Last modified on 14 October 2014, at 13:10

momentum

EnglishEdit

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Wikipedia

EtymologyEdit

From Latin momentum.

PronunciationEdit

NounEdit

momentum (plural momentums or momenta)

  1. (physics) (of a body in motion) The tendency of a body to maintain its inertial motion; the product of its mass and velocity.
  2. The impetus, either of a body in motion, or of an idea or course of events. (i.e: a moment)
    • 1843, Nathaniel Hawthorne, "The Old Apple Dealer", in Mosses from an Old Manse
      The travellers swarm forth from the cars. All are full of the momentum which they have caught from their mode of conveyance.
    • 1882, Thomas Hardy, Two on a Tower
      Their intention to become husband and wife, at first halting and timorous, had accumulated momentum with the lapse of hours, till it now bore down every obstacle in its course.
    • 2013 September 14, Jane Shilling, “The Golden Thread: the Story of Writing, by Ewan Clayton, review [print edition: Illuminating language]”, The Daily Telegraph (Review), page R29:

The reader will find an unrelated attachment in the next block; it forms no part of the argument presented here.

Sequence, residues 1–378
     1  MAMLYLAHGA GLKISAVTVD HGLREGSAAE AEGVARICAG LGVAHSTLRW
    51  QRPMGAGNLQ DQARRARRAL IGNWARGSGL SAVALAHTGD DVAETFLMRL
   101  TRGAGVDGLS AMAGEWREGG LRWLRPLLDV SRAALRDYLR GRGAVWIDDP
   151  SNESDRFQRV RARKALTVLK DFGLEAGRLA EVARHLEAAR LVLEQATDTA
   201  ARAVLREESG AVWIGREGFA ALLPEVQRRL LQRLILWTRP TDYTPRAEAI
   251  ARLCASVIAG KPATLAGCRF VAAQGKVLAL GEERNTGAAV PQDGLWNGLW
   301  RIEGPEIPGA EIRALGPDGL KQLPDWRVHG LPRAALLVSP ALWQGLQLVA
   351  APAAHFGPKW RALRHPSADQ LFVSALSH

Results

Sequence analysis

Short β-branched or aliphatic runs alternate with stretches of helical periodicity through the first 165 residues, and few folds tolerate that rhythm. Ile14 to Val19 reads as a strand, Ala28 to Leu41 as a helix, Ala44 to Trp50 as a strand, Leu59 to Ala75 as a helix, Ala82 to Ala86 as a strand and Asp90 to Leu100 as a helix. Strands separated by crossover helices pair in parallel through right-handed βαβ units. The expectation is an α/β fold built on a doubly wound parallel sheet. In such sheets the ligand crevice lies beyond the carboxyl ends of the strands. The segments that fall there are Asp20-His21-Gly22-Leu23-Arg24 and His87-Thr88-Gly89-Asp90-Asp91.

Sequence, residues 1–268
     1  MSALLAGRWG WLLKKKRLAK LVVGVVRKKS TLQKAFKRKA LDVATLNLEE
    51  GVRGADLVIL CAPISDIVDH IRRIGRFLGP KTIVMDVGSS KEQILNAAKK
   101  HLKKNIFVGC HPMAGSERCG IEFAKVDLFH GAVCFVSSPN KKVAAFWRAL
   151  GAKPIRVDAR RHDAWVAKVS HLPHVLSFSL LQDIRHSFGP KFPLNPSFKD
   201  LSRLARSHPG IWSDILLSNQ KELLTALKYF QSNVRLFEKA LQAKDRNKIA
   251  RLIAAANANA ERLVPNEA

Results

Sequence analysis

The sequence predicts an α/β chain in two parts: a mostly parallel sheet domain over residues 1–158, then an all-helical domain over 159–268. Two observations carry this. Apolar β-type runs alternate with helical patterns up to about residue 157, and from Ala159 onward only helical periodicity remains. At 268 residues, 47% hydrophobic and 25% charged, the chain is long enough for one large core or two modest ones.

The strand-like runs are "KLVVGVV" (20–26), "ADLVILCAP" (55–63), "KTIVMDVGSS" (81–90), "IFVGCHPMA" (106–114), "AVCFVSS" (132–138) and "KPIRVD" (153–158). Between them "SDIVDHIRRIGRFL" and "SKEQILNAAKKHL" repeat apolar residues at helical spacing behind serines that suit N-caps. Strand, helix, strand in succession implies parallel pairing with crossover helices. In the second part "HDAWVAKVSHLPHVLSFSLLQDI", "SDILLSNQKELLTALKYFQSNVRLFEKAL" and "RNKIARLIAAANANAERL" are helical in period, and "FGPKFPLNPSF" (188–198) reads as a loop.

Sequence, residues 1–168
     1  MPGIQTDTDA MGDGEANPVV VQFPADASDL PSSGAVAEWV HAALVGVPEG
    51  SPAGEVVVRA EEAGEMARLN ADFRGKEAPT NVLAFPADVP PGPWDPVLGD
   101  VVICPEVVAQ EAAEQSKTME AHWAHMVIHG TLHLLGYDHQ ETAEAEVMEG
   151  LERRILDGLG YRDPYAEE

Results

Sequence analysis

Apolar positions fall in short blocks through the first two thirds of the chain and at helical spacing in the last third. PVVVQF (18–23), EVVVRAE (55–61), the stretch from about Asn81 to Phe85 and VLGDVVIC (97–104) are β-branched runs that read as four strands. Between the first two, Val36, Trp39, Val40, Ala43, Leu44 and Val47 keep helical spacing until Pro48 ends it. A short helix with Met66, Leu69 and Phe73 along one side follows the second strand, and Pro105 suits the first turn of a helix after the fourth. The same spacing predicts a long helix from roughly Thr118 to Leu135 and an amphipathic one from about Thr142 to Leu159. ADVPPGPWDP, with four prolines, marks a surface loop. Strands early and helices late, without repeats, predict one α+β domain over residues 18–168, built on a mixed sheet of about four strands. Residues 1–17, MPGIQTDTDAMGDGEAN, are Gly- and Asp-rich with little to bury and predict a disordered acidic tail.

Though his account of written communication over the past 5,000 years necessarily has a powerful forward momentum, his diversions down the fascinating byways of the subject are irresistible ...

TranslationsEdit

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LatinEdit

EtymologyEdit

From *movimentum, from moveō (move, set in motion; excite).

PronunciationEdit

NounEdit

mōmentum n (genitive mōmentī); second declension

  1. movement, motion, impulse; course
  2. change, revolution, movement, disturbance
  3. particle, part, point
  4. (of time) brief space, moment, short time
  5. cause, circumstance; weight, influence, moment

InflectionEdit

Second declension neuter.

Number Singular Plural
nominative mōmentum mōmenta
genitive mōmentī mōmentōrum
dative mōmentō mōmentīs
accusative mōmentum mōmenta
ablative mōmentō mōmentīs
vocative mōmentum mōmenta

Derived termsEdit

DescendantsEdit